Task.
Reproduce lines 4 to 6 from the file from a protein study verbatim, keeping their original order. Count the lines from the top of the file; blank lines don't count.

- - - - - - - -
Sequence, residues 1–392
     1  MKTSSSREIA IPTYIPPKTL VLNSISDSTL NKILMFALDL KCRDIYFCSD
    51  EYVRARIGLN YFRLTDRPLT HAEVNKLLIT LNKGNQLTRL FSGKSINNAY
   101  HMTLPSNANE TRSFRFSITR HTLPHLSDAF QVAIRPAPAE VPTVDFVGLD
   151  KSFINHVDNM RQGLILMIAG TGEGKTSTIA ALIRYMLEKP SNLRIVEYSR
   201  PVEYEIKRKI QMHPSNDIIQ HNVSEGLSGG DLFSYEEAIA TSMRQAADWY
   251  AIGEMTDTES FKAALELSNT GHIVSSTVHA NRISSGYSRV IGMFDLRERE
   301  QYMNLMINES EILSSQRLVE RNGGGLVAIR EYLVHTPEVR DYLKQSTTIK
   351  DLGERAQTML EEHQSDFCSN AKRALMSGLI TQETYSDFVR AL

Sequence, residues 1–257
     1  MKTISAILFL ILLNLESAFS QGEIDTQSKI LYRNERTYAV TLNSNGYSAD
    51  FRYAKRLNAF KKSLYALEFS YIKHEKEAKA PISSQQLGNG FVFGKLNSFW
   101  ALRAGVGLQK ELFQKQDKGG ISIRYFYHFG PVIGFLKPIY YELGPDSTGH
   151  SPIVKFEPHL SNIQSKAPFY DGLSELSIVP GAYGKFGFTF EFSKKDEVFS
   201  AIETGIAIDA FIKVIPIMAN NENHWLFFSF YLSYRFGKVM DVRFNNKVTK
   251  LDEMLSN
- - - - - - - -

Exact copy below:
   101  HMTLPSNANE TRSFRFSITR HTLPHLSDAF QVAIRPAPAE VPTVDFVGLD
   151  KSFINHVDNM RQGLILMIAG TGEGKTSTIA ALIRYMLEKP SNLRIVEYSR
   201  PVEYEIKRKI QMHPSNDIIQ HNVSEGLSGG DLFSYEEAIA TSMRQAADWY